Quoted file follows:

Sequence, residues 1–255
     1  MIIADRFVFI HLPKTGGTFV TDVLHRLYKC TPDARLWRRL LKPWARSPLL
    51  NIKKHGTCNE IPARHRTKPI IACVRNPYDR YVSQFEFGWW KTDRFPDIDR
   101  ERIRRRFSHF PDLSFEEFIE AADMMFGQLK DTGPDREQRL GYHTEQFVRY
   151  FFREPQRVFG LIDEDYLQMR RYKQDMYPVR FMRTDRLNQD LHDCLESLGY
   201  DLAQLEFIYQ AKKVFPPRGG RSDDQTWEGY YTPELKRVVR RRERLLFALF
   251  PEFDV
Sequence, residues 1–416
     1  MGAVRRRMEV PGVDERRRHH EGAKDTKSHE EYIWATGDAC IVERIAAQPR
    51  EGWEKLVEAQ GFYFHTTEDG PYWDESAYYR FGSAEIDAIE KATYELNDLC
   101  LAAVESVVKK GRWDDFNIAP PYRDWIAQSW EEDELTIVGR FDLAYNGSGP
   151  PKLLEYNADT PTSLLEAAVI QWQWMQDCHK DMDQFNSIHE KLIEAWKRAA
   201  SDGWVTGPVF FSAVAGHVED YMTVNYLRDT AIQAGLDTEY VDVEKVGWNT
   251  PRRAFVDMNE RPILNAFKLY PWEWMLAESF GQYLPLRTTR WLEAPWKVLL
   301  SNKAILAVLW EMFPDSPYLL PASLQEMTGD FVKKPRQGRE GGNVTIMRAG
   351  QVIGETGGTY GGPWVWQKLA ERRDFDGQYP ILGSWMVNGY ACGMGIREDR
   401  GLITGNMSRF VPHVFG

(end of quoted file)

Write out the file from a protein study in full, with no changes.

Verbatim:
Sequence, residues 1–255
     1  MIIADRFVFI HLPKTGGTFV TDVLHRLYKC TPDARLWRRL LKPWARSPLL
    51  NIKKHGTCNE IPARHRTKPI IACVRNPYDR YVSQFEFGWW KTDRFPDIDR
   101  ERIRRRFSHF PDLSFEEFIE AADMMFGQLK DTGPDREQRL GYHTEQFVRY
   151  FFREPQRVFG LIDEDYLQMR RYKQDMYPVR FMRTDRLNQD LHDCLESLGY
   201  DLAQLEFIYQ AKKVFPPRGG RSDDQTWEGY YTPELKRVVR RRERLLFALF
   251  PEFDV
Sequence, residues 1–416
     1  MGAVRRRMEV PGVDERRRHH EGAKDTKSHE EYIWATGDAC IVERIAAQPR
    51  EGWEKLVEAQ GFYFHTTEDG PYWDESAYYR FGSAEIDAIE KATYELNDLC
   101  LAAVESVVKK GRWDDFNIAP PYRDWIAQSW EEDELTIVGR FDLAYNGSGP
   151  PKLLEYNADT PTSLLEAAVI QWQWMQDCHK DMDQFNSIHE KLIEAWKRAA
   201  SDGWVTGPVF FSAVAGHVED YMTVNYLRDT AIQAGLDTEY VDVEKVGWNT
   251  PRRAFVDMNE RPILNAFKLY PWEWMLAESF GQYLPLRTTR WLEAPWKVLL
   301  SNKAILAVLW EMFPDSPYLL PASLQEMTGD FVKKPRQGRE GGNVTIMRAG
   351  QVIGETGGTY GGPWVWQKLA ERRDFDGQYP ILGSWMVNGY ACGMGIREDR
   401  GLITGNMSRF VPHVFG